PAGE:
Moreover, people with disability bring new perspectives and ideas to the workplace, a valuable addition in an evolving society.

Diversity at EPIC

EPIC employs hundreds of staff and leads by example with our hiring practises. We aim to exceed the industry standards of diversity and inclusion to demonstrate that diversity is good for everyone.

How do we measure up?

  • One in three of our employees have lived in experience with disability
  • 70% of our emerging leaders are women
  • The number of women in our team is 67%, 20 percentage points higher than the national average of 47.2%

EPIC is proud to be levelling the playing field for people with disability.

Diversity in our workforce

Aaron is a board member at EPIC Assist. He is passionate about using his lived experience with disability to empower young people and is studying education at the University of Southern Queensland. Alongside his role as Assistive Technology Specialist for Queensland’s Department of Education and Training, he also works with a charity that helps students with vision impairment.

He was attracted to EPIC as he believes their values mirror his own, and thinks his role on the board compliments the work he does in his personal and professional life. Aaron brings a unique and valuable perspective to EPIC through his lived experience with disability.

“My experience as a person with vision impairment has been very positive, and I have been well supported. I would like to see others share the same experience.”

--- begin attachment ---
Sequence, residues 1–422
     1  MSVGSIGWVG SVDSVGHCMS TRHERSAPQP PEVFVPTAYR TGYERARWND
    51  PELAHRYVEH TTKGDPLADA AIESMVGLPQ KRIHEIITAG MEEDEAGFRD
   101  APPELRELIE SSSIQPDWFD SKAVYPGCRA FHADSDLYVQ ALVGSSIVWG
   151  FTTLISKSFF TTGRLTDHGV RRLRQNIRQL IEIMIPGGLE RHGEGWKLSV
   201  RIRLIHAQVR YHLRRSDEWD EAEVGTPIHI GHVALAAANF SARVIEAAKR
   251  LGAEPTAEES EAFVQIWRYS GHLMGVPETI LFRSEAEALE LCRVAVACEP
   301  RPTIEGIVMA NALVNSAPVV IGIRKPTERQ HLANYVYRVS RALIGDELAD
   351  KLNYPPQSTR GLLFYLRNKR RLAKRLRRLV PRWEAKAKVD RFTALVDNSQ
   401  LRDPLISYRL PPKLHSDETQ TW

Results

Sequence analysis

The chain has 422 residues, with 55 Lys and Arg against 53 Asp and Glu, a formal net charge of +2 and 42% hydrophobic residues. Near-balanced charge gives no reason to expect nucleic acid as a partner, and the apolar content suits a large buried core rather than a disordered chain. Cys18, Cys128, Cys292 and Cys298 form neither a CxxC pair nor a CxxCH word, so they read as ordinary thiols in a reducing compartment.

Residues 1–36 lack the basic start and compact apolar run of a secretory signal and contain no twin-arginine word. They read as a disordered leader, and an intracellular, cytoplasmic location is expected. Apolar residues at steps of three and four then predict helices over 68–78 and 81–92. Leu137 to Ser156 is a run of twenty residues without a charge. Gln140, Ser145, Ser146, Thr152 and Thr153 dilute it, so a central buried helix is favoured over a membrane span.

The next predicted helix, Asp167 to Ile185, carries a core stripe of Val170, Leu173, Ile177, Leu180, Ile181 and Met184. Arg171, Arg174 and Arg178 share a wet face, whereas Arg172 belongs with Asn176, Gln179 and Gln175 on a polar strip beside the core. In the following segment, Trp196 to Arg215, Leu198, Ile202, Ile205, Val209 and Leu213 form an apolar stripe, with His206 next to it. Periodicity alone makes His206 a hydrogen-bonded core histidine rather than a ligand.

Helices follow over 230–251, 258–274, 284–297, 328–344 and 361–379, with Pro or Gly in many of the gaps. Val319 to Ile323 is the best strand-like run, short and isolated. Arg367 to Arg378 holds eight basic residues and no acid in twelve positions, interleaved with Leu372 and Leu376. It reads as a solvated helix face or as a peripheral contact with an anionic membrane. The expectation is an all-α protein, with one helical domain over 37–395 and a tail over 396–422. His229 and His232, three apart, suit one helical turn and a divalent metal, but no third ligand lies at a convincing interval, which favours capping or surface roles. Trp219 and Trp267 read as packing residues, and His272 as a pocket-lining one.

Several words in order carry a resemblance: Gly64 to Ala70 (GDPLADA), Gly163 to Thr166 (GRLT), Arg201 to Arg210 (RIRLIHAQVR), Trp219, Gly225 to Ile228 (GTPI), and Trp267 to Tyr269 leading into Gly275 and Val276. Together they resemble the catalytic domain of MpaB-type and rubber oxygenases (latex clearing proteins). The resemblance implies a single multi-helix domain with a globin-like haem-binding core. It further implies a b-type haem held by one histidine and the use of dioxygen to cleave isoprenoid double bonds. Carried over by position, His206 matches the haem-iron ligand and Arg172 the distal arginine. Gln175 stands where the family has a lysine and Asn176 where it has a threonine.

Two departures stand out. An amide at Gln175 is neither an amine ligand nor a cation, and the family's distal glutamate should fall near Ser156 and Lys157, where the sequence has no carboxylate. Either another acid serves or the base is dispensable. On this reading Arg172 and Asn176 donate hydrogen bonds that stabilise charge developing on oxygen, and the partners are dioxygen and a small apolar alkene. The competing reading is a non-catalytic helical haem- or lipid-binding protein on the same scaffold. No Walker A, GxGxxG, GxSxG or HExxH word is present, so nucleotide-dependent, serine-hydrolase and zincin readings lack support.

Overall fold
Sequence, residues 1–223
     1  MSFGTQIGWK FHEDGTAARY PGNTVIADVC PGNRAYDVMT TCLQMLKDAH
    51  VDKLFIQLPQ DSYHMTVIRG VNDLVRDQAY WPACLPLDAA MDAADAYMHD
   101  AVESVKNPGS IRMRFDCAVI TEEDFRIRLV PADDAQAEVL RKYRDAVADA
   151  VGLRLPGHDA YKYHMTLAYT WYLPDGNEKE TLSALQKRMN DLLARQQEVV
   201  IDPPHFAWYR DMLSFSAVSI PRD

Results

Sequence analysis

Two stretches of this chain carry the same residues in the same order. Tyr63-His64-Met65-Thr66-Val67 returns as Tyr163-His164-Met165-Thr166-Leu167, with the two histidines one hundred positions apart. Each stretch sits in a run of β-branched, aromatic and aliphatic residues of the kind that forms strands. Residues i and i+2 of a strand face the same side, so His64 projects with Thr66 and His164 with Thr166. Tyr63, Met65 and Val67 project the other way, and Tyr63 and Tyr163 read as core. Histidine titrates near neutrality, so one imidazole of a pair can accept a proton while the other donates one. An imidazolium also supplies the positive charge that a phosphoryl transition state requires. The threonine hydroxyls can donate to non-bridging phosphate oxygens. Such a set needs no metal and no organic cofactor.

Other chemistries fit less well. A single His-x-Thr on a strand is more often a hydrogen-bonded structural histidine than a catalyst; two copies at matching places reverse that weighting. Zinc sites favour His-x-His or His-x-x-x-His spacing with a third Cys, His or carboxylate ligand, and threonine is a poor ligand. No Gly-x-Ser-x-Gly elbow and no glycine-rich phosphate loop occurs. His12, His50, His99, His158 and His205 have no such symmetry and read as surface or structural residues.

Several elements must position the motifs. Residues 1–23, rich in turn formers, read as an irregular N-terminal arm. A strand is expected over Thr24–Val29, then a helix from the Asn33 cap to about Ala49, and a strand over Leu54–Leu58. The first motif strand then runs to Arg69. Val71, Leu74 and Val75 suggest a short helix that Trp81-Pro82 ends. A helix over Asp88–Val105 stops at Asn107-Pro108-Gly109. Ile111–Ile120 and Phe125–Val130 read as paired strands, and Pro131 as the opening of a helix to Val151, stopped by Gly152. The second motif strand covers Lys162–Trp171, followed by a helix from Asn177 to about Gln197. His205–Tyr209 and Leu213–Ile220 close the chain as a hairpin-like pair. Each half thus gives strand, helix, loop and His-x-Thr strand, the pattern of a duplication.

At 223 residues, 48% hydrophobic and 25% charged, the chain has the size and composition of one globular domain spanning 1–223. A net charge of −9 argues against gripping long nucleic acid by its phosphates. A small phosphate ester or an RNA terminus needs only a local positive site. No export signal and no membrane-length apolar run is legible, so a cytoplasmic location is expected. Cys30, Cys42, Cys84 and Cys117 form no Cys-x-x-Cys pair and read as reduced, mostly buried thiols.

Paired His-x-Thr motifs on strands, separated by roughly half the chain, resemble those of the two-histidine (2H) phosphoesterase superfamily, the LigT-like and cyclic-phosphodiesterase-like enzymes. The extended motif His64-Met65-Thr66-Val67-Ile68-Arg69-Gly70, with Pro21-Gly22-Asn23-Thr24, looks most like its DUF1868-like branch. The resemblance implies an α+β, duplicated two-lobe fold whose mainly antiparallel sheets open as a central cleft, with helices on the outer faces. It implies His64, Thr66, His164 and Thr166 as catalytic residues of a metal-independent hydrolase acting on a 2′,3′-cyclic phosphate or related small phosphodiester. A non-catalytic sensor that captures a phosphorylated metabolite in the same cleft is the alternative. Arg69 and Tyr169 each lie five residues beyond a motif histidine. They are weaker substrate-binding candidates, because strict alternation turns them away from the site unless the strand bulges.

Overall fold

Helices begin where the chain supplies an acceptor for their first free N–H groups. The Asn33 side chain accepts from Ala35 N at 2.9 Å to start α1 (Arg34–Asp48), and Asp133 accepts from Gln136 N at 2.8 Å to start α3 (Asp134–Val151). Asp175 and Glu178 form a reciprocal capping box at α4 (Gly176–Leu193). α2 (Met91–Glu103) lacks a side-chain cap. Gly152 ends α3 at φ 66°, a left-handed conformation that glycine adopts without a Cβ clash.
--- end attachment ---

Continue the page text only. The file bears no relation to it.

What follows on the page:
Rachael is an Employment Consultant with EPIC Assist and proves that her disability is in no way a barrier, but a strength.

“ADHD went from being a barrier for me to being the reason I can do so well and succeed in many things.”

After being diagnosed at 18, so many difficulties in her life started making sense. In high school Rachael would have trouble completing the work and making relationships, and this followed her into the workforce. Since then, she has completed three diplomas, the most recent being a Diploma of Mental Health.

Now that she works as an Employment Consultant at EPIC Assist, Rachael can use her personal experience to help jobseekers with disabilities prepare for interviews. She also talks to employers and explains how they can tailor the interview process.

EPIC Assist is helping people with disability find work

For over 30 years EPIC Assist has been helping people with a disability, mental health and health condition find and maintain meaningful employment.

We believe everyone should have the opportunity to reach their potential and we strive to always lead by example with our hiring practices. One in three EPIC staff members have a lived experience with disability, and these experiences and perspectives empower us to understand our job seekers on a personal level.

What to expect

We provide mental health support services to help you with strategies which promote positive mental health and wellbeing.

We provide you with on-the-job training and support once you are employed, and work alongside you in your workplace for as long as you need us. That could be six months, a year or longer.

That is where EPIC is different to other providers – we are here for the long run. We won’t just find you a job, we are committed to helping you keep your job.

A disability can be your strength, and we work hard to discover this in all our job seekers. If you are looking for help preparing for, finding, and keeping a job you love, get in touch with EPIC Assist today.